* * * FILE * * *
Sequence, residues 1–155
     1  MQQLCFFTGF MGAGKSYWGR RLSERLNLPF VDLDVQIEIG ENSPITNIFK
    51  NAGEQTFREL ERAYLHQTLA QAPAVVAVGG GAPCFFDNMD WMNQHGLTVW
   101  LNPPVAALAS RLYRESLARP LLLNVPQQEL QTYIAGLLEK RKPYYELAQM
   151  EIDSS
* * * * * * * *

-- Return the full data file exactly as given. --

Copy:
Sequence, residues 1–155
     1  MQQLCFFTGF MGAGKSYWGR RLSERLNLPF VDLDVQIEIG ENSPITNIFK
    51  NAGEQTFREL ERAYLHQTLA QAPAVVAVGG GAPCFFDNMD WMNQHGLTVW
   101  LNPPVAALAS RLYRESLARP LLLNVPQQEL QTYIAGLLEK RKPYYELAQM
   151  EIDSS